Not many bands are so strongly defined by their geographical origins as Calexico. While the majority of musicians could emerge from any basement or art school in the Western World without it impacting their sound one bit, almost every note of the Americana veterans’ oeuvre draws deeply from the Arizona deserts that they hail from.
Opener Laura Gibson, with her winsome alt-county balladry and general Pleasantville vibe is certainly heavily influenced by the musical traditions of her country, but compared to Calexico, she’s a bear-wrestling, free-health-care-loving Trotskyite. From their desert-dry ballads and country-tinged indie rock, to the vivid mariachi horns reflecting the Mexican-influenced culture of their border state, it’s simply hard to imagine them coming from anywhere else.
But it’s not just their distinctive sound that makes the Tucson band stand out – sixteen years together has forged them into an exceptionally tight and accomplished live outfit. Their setlist is a well balanced mix of old favourites and new tracks from ‘Algiers.’ Some might complain their sparser, more subtly atmospheric songs are slightly ill-served tonight, but any quibbles on that front are compensated by the sheer liveliness of ‘Across The Wire’ and ‘Guero Canelo’.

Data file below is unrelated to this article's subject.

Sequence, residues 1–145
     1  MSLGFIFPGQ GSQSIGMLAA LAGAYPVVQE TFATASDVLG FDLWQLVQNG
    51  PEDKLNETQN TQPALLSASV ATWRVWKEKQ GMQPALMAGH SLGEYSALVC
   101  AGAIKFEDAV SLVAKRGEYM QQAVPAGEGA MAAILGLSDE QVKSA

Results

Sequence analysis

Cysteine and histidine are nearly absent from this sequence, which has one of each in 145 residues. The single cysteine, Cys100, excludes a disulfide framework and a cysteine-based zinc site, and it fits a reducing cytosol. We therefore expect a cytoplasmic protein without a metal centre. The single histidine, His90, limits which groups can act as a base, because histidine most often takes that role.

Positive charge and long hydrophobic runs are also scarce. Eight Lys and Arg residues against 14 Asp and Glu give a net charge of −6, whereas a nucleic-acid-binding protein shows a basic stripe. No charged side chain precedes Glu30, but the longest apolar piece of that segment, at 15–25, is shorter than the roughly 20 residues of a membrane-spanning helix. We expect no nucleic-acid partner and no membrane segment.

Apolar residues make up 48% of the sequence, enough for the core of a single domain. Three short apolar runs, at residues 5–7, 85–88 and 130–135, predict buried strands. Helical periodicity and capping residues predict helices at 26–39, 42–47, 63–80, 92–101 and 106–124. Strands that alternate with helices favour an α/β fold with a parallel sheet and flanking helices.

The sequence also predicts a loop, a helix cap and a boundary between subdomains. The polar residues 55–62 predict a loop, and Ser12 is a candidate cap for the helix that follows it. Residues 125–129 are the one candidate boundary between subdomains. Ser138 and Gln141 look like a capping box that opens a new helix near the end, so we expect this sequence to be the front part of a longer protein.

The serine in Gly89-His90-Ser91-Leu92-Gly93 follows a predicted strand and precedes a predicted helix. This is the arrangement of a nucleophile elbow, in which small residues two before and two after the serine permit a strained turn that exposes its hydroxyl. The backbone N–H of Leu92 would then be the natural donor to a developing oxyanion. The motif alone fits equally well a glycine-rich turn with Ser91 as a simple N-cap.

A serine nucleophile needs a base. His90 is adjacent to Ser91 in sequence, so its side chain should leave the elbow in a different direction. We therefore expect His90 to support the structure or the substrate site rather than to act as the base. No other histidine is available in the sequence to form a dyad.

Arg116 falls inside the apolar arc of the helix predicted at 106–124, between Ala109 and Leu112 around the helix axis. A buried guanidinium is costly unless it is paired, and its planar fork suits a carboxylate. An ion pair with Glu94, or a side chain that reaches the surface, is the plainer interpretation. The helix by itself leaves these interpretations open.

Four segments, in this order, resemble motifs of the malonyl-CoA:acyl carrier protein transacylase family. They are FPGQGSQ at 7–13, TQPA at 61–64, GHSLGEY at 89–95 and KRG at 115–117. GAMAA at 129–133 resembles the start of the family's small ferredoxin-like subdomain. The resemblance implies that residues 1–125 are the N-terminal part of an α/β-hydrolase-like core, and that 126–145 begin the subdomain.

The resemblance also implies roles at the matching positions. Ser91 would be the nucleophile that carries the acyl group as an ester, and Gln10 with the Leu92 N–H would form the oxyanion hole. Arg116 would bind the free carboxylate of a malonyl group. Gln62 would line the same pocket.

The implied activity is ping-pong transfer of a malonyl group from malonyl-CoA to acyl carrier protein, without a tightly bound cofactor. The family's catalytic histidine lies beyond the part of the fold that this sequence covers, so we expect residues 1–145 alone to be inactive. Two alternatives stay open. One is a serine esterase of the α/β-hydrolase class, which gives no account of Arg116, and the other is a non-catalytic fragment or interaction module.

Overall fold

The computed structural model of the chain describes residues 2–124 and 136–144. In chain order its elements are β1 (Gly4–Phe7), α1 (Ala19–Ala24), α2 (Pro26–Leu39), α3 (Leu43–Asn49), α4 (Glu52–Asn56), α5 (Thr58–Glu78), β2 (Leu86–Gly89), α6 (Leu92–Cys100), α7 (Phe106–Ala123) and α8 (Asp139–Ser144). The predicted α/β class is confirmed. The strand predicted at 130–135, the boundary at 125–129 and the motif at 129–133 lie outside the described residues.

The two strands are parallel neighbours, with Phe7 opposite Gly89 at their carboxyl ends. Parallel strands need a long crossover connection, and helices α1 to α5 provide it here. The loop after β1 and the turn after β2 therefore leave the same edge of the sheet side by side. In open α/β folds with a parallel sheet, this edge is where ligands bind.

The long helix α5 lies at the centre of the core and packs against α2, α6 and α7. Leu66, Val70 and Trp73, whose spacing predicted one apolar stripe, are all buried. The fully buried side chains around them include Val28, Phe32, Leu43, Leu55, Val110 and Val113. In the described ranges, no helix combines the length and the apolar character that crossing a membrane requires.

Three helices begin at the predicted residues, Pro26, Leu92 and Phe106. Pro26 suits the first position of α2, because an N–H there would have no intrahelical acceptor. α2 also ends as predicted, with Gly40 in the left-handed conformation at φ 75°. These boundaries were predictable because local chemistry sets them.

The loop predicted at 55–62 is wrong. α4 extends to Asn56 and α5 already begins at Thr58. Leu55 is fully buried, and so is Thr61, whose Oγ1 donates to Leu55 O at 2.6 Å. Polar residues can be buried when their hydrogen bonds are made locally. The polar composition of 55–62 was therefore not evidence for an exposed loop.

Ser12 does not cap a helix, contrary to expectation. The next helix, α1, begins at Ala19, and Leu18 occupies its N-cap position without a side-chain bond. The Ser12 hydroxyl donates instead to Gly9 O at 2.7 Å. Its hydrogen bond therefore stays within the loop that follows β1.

Their musicianship is beyond reproach throughout, with a considered and effective use of their brass section; too many artists overuse trumpets to paper over other deficiencies, but Calexico employ them only when needed, maximising their impact. Unlike Iron & Wine, who they released a memorable joint EP with in 2005, they know when to finish a song – no interminable self-indulgent jams for them – and they’re masters at working an audience without needless gimmicks.
If there’s one minor disappointment, it’s that they didn’t call upon the support act to join them for a grand old encore as in previous London shows (Beirut and A Hawk And A Hacksaw on ‘The Crystal Frontier’ in ’06 was exceptional) but given that for one night they managed to make Kentish Town seem as deliciously exotic as the setting of a Sergio Leone film, one could probably forgive them that.